A Kenyan scholar is counting losses after she lost Ksh239,688 to an online university based in the United States of America which offered her a scholarship to pursue a Doctor of Philosophy (PhD) degree.
Speaking to Nola.com, the Kenyan national disclosed that in her quest to further her master’s education, she began searching for an online university when she came across the City University of New Orleans.
She was elated to receive admission and was offered a scholarship. After doing a background check, she agreed to pay Ksh204,111 – which was part of a discounted tuition fee.
Graduands attend a graduation ceremony organised by a Kenyan University.
Twitter A man purporting to be the school’s administrator assured her that she would be attending her classes virtually. However, she hit a snag even before her classes began – she had been locked out of the system after she moved her location from Oman to kenya.
Upon enquiry, the ‘administrator’ explained that her change of location caused an invalidation of her admission and that she needed to top up an extra Ksh34,976 for fresh registration.
However, to date, she is yet to attend a single class. Furthermore, the institution has tried to reach her multiple times, not to sort out her issues, but to ask her for more money.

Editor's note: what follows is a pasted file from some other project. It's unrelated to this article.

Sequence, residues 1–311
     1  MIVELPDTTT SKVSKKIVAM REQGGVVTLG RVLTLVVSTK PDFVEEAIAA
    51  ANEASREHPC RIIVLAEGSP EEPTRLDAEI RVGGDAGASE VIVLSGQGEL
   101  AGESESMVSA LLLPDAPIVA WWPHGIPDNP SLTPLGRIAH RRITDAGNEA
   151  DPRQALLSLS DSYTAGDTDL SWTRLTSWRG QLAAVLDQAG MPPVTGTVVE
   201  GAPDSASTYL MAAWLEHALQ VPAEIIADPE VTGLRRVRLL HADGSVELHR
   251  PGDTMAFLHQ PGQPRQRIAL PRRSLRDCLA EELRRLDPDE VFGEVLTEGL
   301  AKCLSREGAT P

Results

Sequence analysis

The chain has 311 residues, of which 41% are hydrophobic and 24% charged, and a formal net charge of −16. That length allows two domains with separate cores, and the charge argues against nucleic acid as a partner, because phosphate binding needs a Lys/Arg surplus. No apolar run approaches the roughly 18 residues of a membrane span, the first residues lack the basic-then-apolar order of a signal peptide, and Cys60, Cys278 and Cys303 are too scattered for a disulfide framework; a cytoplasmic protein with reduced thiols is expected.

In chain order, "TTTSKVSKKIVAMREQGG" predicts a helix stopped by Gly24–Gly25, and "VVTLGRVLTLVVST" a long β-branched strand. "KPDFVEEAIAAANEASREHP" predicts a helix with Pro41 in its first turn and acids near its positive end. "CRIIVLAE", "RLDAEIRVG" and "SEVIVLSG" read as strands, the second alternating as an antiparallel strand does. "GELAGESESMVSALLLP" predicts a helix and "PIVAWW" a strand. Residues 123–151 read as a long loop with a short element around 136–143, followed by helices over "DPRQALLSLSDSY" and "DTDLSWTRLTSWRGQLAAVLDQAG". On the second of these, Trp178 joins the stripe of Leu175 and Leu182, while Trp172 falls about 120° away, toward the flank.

“It was not just the money. It was my dream shattering into pieces,” she told journalist Marie Fazio.
The victim admitted that she thought that CUNO was a constituent of the University of New Orleans (UNO). On the contrary, UNO’s Spokesperson Adam Norris dismissed any association with the online institution.
Norris added that UNO had received complaints from several students who had been duped to pay for an online degree. He opined that the striking similarity of the features used on CUNO’s website.
“The University of New Orleans is concerned that CUNO is using UNO’s name recognition and visual identity to mislead and prey upon unsuspecting students and families in an attempt to assert its legitimacy and entice payment,” he added.
A spot check by Kenyans.co.ke reveals that CUNO misses out on the list of registered physical and online universities in America while UNO is registered and is ranked at position 457.
In addition, the images used on the online campus website, upon a reverse search, were established not to be the property of CUNO. The sprouting of online universities has opened a window for fraudsters to target unsuspecting scholars, and swindle their money.
How to spot a fake online university
1. Research the name of the university online and its reviews.
2. Check the accreditation status of the university and the institution granting the listing.
3. Look out for the application process. Most processes are long and tedious.
4. Look out for universities demanding tuition fees upfront.
5. Check on the availability of resources and contact information.
Kenyans.co.ke digital journalist John Mbati at work
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